On the other hand, Duke has Zion Williamson, and no team has been able to figure out a way to slow down the National Player of the Year. Tre Jones and Justin Robinson, two of the ACC’s best point guards, could ultimately be the deciding factor in this game.

#2 Michigan State vs. #3 LSU

Michigan State

For the first 30 minutes of Michigan State’s opening game against Bradley, it looked like the Braves had a chance to be the first bracket-buster of the tournament. The Spartans prevailed thanks to the Cassius Winston—the Big Ten Player of the Year. He scored 26 points and was perfect from the free throw line in crunch time. On a day where shots weren’t falling for the Spartans, it was Michigan State’s elite defense that came up with the necessary stops.

The Spartans followed up with a convincing win against its conference foe, Minnesota. In the regular season, Michigan State defeated Minnesota by 24 points and was just as dominant in the round of 32. The Spartans outrebounded the Gophers, 42-19, and were well balanced with six players scoring nine or more points. Michigan State did commit 22 turnovers, nine more than its season average, which led to 26 Minnesota points. The Spartans must be less reckless with the basketball in its next game with a pesky LSU team.

Aside from that though, Michigan State rolled to a 20-point victory to reach its first Sweet 16 appearance since 2015. It has been a year full of adversity for the shorthanded Spartans, but Tom Izzo’s team is peaking at the right time.


The Tigers entered this tournament in a very precarious position without its head coach, but responded better than anyone thought. LSU had one of the more challenging paths to reach the Sweet 16, pulling off two tight wins over Yale and Maryland. In the five-point victory over the Bulldogs, Skylar Mays— the Tigers’ 6-foot-4 junior—hit four critical free throws in the final 15 seconds to help LSU slip by an underrated Yale team.

In the second round, the Tigers escaped the Terrapins with a 69-67 victory. The Terrapins rallied back from a 15-point deficit in the second half, but the Tigers had the ball in the hands of the right player at the right time. Playmaker Tremont Waters drove past three defenders, banking in a layup, to take the lead with 1.6 seconds left on the clock.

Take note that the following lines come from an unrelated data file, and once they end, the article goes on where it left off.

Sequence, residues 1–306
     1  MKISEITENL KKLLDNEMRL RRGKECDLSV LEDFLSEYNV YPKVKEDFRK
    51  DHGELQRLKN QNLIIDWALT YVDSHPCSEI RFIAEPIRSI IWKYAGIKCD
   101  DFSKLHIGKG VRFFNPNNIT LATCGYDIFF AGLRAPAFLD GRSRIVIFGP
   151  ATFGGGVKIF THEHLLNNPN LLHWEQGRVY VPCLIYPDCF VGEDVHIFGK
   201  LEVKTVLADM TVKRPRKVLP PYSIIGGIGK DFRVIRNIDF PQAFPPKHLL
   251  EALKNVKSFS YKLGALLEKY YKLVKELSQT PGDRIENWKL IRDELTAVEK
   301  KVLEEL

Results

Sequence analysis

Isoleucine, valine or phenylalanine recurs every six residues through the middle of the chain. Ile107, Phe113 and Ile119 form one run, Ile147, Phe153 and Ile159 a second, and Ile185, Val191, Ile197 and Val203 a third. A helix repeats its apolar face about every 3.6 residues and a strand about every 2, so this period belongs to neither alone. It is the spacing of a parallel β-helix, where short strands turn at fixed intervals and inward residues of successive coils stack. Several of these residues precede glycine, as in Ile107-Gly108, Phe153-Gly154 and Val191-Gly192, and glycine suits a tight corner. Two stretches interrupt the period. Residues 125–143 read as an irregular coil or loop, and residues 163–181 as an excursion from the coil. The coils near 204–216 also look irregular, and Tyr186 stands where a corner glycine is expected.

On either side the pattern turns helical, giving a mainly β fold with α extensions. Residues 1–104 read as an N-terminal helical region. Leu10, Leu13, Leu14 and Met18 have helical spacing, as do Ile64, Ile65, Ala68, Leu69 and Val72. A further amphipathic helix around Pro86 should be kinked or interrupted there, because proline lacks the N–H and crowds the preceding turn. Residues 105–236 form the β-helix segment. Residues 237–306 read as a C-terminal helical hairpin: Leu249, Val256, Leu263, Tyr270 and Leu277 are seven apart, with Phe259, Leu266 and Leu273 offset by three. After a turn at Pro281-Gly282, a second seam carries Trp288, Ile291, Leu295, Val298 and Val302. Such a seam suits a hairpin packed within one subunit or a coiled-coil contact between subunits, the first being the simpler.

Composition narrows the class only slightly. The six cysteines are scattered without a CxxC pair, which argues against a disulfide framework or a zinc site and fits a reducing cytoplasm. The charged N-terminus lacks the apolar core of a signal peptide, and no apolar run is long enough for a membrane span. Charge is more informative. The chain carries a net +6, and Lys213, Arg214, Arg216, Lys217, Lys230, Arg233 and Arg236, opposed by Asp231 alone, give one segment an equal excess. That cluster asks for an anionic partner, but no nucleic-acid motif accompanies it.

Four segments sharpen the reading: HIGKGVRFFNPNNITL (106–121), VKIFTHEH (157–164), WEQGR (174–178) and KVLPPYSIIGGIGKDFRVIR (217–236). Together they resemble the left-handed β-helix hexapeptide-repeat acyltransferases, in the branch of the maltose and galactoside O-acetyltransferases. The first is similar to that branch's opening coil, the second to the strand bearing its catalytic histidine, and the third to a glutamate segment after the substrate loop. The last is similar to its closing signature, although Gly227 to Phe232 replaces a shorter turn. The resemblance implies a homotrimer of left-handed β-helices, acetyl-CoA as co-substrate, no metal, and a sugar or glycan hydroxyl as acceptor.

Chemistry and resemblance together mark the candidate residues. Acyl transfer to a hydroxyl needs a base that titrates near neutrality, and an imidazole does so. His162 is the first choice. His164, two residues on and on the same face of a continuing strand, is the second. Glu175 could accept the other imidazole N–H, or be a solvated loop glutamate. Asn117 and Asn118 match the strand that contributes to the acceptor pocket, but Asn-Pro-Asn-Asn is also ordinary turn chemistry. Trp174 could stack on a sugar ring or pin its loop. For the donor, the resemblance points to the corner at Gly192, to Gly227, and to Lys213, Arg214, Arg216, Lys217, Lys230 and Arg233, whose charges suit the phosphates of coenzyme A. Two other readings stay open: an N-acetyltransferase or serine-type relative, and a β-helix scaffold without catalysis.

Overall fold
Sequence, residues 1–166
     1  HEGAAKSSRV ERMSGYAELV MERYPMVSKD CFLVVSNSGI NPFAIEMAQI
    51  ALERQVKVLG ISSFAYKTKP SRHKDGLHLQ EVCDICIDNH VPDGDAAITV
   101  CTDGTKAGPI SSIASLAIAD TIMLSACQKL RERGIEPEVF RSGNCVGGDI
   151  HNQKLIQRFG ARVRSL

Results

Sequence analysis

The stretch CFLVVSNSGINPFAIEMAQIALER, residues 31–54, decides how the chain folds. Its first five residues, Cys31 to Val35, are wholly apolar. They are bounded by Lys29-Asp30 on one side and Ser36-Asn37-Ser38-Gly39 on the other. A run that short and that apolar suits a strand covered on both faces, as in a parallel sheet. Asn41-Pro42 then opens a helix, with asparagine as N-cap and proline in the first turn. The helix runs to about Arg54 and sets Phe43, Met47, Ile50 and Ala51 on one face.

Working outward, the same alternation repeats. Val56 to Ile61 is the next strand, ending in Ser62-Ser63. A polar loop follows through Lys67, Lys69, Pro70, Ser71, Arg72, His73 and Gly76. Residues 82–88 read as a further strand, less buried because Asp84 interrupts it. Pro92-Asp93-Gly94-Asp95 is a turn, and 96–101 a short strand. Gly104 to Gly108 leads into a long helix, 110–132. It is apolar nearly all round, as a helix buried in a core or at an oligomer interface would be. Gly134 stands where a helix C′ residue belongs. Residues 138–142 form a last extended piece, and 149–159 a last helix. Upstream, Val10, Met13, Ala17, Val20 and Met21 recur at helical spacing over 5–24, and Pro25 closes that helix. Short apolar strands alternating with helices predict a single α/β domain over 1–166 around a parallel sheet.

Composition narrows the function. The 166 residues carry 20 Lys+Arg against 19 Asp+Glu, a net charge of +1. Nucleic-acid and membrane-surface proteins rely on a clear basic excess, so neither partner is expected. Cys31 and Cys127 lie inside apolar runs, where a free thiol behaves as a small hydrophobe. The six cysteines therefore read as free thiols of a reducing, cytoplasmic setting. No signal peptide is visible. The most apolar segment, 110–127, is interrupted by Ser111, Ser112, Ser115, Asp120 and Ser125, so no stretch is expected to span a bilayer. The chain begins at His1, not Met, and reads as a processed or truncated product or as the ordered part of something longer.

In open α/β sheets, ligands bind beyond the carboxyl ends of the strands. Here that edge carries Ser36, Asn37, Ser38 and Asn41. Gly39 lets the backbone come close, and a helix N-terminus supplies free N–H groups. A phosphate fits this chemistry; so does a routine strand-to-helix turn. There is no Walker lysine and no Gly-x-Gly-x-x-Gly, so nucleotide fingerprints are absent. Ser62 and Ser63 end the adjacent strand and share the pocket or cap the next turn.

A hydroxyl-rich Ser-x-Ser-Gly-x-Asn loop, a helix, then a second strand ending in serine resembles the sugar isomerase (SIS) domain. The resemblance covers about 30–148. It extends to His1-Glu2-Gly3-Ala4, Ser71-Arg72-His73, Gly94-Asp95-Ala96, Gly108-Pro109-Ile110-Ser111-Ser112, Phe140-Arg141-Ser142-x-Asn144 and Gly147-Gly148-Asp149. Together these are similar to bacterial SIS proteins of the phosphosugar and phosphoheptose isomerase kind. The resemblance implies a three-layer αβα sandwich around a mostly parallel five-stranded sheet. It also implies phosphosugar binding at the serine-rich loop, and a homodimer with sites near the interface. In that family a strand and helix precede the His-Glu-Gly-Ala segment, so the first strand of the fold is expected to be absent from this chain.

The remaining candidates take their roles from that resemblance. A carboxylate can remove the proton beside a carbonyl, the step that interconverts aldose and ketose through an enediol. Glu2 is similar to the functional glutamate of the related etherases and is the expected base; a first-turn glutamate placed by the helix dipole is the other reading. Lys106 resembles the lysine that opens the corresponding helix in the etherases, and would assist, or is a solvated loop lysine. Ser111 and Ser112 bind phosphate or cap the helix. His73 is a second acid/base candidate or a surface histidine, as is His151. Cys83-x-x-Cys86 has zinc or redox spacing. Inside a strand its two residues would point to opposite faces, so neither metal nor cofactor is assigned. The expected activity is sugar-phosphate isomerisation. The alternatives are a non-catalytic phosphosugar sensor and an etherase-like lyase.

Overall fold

In both games, the Tigers got out to a fast start, but it ended in dramatic fashion. Normally, watching a double-digit lead disappear would shake a team, but LSU fought with its athleticism and shot-makers in the final minutes to win.

Keys to the Game

This is one of the more exciting matchups of the tournament. To beat LSU, Michigan State needs to win the rebounding battle; the Tigers are especially vulnerable on the defensive glass. The Spartans’ role players Xavier Tillman and Kenny Goins are each averaging more than seven rebounds per game. Michigan State will also have the best point guard on the court in Cassius Winston, so LSU’s Skylar Mays and Tremont Waters are going to need to play extraordinary defense to prevent Winston from easily driving in the lane or kicking the ball out to open 3-point shooters.

LSU is extremely talented and features a balanced offense that can easily keep up with the high-scoring Spartans. Naz Reid, Skylar Mays and Tremont Waters control the foul line and force opponents to foul them. To advance to the Elite 8, Michigan State must play without fouling. 21.6% of the Tigers’ points per game come from the free throw line.

Final Four Prediction:

As close as Duke’s season was to ending from a tip-in at the buzzer, it is still hard to bet against the Blue Devils. Every time Duke has trailed or been challenged near the end of regulation, Zion Williamson and his teammates have made winning plays. Williamson and Barrett’s will to win is immeasurable. Virginia Tech, LSU and Michigan State have enough athleticism that matches up well with Duke, but at the end of the day Coach K has all the right weapons right at his disposal.

Duke over Michigan State: 78-71